Many municipal leaders have concluded that Confederate monuments are indefensible. They celebrate a traitorous rebellion against the United States government that arose to protect slavery, and today, they strike a message of exclusion against African American citizens, even as they use those same citizens’ tax dollars to maintain them.
Over the last few months, local officials in some jurisdictions have simply acted to remove monuments. In Birmingham, Alabama, another majority-black city saddled with a Confederate monument the local government detested, the city council and mayor decided in August to simply cover up a monument, drawing a lawsuit from the state government and more than $3 million in fines to date. In Durham, North Carolina, where state law prevents removal of monuments, a crowd of protesters gathered and tore down a statue commemorating Confederate soldiers that sat on the lawn of the former county courthouse.
The removal of the Forrest and Davis statues in Memphis is a step forward, but the method by which it was done is likely to draw legal challenges, whether from the state government or from the Sons of Confederate Veterans, which has battled any attempts to remove the statues. That could produce some curious legal questions: For example, if the city’s sale were to be overturned, could it be forced to put the statues back up? (In Durham, there’s been discussion over whether the county could be required by state law to purchase and erect a new statue to replace the crumpled one protesters tore down.)
Memphis’s strategy also raise other uncomfortable questions. While the state law shows little respect for local control and protects racist symbols, it is also the law. The city’s sale of the parks is designed to follow the letter of the law while brazenly flouting its spirit.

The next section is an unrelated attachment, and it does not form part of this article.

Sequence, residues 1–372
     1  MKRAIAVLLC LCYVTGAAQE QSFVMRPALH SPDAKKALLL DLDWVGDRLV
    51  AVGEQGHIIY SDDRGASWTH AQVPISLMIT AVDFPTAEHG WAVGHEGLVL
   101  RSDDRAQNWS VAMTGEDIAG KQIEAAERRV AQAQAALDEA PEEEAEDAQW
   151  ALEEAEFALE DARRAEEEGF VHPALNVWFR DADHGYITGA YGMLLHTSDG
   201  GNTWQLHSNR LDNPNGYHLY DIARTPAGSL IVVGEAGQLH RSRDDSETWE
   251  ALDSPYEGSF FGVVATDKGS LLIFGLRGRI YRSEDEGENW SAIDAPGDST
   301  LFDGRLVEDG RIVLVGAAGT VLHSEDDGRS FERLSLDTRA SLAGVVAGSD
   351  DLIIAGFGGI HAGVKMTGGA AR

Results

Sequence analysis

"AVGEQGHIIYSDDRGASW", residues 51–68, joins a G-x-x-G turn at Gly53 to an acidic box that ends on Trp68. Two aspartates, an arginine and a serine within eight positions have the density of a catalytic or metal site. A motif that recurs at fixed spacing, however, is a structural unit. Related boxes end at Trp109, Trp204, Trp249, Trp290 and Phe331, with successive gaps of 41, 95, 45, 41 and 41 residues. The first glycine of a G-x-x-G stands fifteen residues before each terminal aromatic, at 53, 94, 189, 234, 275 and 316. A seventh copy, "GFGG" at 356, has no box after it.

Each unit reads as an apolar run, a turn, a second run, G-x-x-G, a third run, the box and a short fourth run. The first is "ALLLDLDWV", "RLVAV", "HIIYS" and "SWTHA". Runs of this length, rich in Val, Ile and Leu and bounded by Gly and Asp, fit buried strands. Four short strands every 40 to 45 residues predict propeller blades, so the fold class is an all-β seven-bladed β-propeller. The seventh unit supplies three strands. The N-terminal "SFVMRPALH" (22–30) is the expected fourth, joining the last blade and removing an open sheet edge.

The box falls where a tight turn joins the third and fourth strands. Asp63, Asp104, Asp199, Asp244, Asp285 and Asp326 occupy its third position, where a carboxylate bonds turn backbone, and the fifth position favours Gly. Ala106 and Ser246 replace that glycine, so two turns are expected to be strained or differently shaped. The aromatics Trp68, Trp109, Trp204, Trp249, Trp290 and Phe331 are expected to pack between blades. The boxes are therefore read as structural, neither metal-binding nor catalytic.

“It’s important to remember what I’ve said all along: I was committed to remove the statues in a lawful way. From the beginning, we have followed state law—and tonight’s action is no different,” Strickland wrote in a note Wednesday. “The Historical Commission was not the only legal avenue.”
The distance between righteous civil disobedience and risky breakdown of rule of law is not as wide as it might seem, however, and it’s easy to imagine ways in which such a procedure could be abused. What if local authorities defied state or federal authorities to erect a pro-Confederate statue? That’s not so far-fetched: After the Supreme Court’s Brown v. Board of Education ruling, state and local authorities thumbed their nose at the federal government by privatizing public functions. Rather than allow black students, public schools closed, with private “segregation academies” opening to teach white students. (Many of these schools remain open.)
Ideally, Memphis’s action will provide a warning to state governments that continue to defend Confederate monuments. Preemptive laws represent an effort to thwart local decisionmaking about what sort of heritage a community honors. Memphis, Birmingham, and Durham show that when the state government stands in the way of local will, citizens have a range of options for fighting back.